What does it mean to be evangelical? The term, without a doubt, is widely misunderstood and frequently misrepresented. In recent years, the term evangelical has become highly politicized, invoked to describe a voting bloc or as a blanket label for those with conservative or, perhaps, fundamentalist views. Meanwhile, some from within the movement have dropped the label or left evangelicalism entirely, coining the monicker exvangelical.

Since its inception, Christianity Today has been distinctly evangelical, bringing together a broad readership of Christians from across the denominational spectrum who find common ground in their shared faith in Christ, commitment to orthodoxy, and passion for proclaiming the gospel. Throughout the decades, CT has discussed what it means to be evangelical (such as in this 1965 cover story). In recent years, the conversation has continued with renewed vigor. What is really at the heart of evangelical identity? Here’s a sampling of articles from the past few years that dig deeper into what it means to be an evangelical Christian today.


In “Evangelical Distinctives in the 21st Century,” Mark Galli (CT’s recently retired editor in chief) launched a series of articles meant to “articulate what we [at Christianity Today] mean by evangelicalism—and more importantly, why we continue to think that evangelicals are a people whom God still uses mightily to reform his church and touch the world with the grace and hope of the gospel.” (You can read more of Galli’s columns on evangelical distinctives here.)


In “What Is Evangelicalism?” Bruce Hindmarsh, professor of spiritual theology at Regent College, puts forth four central characteristics of authentic evangelicalism: conversionism, crucicentrism, biblicism, and activism.


Some of today’s confusion around the term evangelical stems from how it is applied. Is it a matter of self-identification? Is it based on denominational affiliation? In “Defining Evangelicals in an Election Year,” Leith Anderson and Ed Stetzer make the case that evangelicals ought to be defined by their beliefs. Here Anderson and Stetzer discuss four core beliefs identified by the National Association of Evangelicals and Lifeway Research.


“Is it time to abandon the label evangelical?” Ron Sider asks. In “History Shows Us Why Being Evangelical Matters,” Sider traces evangelicalism’s development from the Reformation through revivalist movements to the present, noting areas of neglect and conflict that have led to some of the negative associations with the word evangelical today. Here, Sider puts forth a view of evangelicalism that embraces “justice while holding to central doctrines of the faith.”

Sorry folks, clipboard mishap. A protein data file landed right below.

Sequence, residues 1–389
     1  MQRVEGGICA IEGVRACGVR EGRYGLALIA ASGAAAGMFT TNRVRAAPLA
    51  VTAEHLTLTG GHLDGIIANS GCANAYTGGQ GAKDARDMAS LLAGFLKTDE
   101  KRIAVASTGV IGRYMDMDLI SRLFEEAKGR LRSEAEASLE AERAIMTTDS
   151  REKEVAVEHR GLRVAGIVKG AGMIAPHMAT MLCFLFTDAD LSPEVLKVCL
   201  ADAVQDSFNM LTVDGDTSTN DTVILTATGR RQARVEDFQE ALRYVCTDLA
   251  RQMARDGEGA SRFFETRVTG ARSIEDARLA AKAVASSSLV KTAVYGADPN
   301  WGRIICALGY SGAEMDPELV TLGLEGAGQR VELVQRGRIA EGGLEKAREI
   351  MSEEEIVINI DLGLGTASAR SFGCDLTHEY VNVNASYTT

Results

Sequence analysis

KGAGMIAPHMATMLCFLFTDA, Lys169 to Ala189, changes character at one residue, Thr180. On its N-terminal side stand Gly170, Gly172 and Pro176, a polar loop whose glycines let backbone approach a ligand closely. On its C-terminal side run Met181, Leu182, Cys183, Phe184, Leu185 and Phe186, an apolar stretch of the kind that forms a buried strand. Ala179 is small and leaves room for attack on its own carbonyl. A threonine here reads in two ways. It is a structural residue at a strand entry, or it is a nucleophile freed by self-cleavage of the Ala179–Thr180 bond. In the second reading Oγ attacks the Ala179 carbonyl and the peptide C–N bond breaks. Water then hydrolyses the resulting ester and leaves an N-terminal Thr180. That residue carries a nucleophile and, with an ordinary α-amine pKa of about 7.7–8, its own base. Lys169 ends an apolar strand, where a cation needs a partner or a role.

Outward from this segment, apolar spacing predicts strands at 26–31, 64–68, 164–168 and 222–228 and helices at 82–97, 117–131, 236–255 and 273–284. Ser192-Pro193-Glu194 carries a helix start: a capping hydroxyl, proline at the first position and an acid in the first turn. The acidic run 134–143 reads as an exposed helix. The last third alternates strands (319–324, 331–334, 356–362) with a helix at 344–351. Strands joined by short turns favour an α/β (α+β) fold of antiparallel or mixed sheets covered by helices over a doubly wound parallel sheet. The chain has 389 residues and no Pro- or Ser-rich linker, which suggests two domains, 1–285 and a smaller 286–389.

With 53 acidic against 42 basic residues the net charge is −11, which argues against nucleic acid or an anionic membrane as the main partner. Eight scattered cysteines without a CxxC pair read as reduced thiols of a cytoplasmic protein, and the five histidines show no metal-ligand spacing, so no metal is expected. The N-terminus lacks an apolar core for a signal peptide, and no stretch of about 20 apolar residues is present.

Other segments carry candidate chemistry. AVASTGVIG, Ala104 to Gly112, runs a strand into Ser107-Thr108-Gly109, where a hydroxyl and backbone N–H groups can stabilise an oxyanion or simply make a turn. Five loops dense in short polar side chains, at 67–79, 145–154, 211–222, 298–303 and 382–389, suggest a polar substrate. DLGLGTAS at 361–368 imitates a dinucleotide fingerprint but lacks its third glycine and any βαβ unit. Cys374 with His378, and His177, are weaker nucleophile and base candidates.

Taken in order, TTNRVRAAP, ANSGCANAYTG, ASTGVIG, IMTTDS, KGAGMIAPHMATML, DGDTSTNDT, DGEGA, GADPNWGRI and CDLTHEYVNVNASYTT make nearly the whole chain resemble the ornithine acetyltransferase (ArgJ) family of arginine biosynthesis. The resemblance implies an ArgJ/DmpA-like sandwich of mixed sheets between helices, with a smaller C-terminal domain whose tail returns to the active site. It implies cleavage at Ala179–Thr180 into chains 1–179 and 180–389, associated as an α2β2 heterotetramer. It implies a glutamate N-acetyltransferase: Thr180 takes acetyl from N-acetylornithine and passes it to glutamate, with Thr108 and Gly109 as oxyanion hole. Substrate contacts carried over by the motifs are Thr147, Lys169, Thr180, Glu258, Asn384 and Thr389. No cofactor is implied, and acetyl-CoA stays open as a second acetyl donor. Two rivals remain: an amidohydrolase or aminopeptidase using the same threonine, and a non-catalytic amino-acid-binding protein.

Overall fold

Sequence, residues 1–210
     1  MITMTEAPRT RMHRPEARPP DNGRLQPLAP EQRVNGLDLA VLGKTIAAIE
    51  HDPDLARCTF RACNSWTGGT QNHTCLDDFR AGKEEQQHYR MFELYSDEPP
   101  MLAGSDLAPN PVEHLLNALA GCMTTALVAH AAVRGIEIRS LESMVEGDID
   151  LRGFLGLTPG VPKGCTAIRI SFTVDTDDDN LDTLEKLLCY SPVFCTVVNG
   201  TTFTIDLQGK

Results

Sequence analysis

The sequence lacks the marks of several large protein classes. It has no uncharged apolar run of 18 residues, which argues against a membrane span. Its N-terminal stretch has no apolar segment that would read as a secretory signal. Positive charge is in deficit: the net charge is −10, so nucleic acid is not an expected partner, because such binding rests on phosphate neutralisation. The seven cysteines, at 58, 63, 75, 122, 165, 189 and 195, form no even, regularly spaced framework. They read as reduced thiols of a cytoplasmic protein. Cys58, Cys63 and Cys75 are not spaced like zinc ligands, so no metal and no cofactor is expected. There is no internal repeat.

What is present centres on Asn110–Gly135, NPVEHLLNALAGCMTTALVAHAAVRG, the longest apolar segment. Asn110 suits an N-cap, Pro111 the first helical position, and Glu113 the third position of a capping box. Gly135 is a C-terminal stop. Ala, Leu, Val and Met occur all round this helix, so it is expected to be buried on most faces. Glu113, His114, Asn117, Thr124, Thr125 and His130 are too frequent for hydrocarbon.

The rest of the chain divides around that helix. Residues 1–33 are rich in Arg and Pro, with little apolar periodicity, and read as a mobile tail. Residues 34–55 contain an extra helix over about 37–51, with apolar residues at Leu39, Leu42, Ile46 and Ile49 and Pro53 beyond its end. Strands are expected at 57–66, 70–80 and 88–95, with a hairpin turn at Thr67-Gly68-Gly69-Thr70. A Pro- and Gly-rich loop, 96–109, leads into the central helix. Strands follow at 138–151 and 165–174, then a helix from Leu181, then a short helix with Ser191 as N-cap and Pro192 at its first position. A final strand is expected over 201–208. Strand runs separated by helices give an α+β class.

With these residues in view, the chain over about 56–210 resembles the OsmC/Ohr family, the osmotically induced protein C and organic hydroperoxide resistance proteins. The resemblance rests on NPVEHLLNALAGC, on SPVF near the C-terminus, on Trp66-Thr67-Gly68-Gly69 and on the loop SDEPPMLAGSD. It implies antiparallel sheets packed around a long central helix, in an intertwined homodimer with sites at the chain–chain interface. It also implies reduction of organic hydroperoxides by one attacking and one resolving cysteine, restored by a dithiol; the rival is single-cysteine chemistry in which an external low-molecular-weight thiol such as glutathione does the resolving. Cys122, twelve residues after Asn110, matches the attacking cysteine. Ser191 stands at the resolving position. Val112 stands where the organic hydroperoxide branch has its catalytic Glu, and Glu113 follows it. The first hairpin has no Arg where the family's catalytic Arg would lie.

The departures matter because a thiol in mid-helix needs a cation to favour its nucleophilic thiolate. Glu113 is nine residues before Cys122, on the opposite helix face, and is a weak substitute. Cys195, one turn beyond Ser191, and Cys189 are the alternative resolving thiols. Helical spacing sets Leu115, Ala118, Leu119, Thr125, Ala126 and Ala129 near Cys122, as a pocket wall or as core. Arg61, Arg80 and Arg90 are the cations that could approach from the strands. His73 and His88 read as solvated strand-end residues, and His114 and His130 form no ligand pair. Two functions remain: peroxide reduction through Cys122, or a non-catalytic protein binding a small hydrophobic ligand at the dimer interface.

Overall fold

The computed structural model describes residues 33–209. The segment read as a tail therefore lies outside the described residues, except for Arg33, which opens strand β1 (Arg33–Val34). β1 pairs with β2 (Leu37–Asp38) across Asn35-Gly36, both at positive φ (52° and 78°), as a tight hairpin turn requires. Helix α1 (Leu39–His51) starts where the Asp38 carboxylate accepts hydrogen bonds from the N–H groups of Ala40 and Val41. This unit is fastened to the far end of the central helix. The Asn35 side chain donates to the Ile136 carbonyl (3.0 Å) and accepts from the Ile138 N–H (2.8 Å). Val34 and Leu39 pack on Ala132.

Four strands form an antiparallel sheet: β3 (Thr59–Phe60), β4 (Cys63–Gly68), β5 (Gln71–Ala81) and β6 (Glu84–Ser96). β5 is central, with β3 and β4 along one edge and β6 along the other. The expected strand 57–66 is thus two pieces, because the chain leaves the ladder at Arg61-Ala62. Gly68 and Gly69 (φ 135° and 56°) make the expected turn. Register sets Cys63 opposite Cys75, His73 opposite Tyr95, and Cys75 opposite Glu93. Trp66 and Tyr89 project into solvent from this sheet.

In “Black and Evangelical,” Brandon Washington addresses some of the complicated baggage of evangelicalism, particularly in regard to race and culture. Washington addresses the view “that [evangelicalism] has been shaped by the dominant culture” and that the movement often divorces the gospel from social ethics. Yet Washington believes “preserving my theological identity obliges me to redeem the term and unpack the movement’s baggage.”


In “Why I Almost Left Evangelicalism,” Craig Keener describes his struggle with evangelical identity: “It was evangelical subculture—not evangelical faith—that I was feeling increasingly alienated from.” This sense of alienation coincided with healing that Keener experienced through the welcome and ministry of black Christian friends. “Today, I understand that evangelicalism—a movement that by definition must be centered on the evangel, or ‘gospel’—is a global movement that spans many cultures,” Keener writes.


In “The Unlikely Crackup of Evangelicalism,” Richard Mouw addresses the frustration voiced by some Christian leaders and academics who feel they “can no longer identify with a grassroots evangelicalism that has become regrettably ‘politicized’ these days.” Mouw posits that a forward-thinking strategy that holds on to the best of aspects of evangelicalism’s legacy is of greater importance than whether or not one retains “evangelical” as a label.


In “One Does Not Simply Leave Evangelicalism,” CT responds to the desire of some Christians to distance themselves from the term evangelical. “We get it. We’re frustrated, too,” writes CT’s editorial director Ted Olsen. But here Olsen urges readers, “Don’t stop calling yourself ‘evangelical’ because you’re frustrated with the polls” and cautions them against the “impulse to break with other Christians because you disagree with them.”


A notable distinctive of evangelicalism is our regard for and interaction with Scripture. In “God’s Letter to Us,” Mark Galli expounds upon evangelicals’ engagement with the Bible and their view of it as “absolutely authoritative and trustworthy.”


In “How Evangelical Scholars Treat Scripture,” Old Testament scholars Daniel I. Block and Richard L. Schultz address the same issue—evangelicals’ regard for and interaction with Scripture—from an academic perspective. Here Block and Schultz outline seven “marks of a distinctly evangelical hermeneutic” among biblical scholars.


“When we call ourselves ‘evangelical,’ we can do so with the richness of this broader history behind us. And yet we must clearly define ourselves lest others do it in ways we would not prefer,” writes Anthony L. Blair. In “A Better Way to Be Evangelical,” Blair casts a vision for living gospel-shaped lives that confidently, lovingly, and winsomely confess Christ.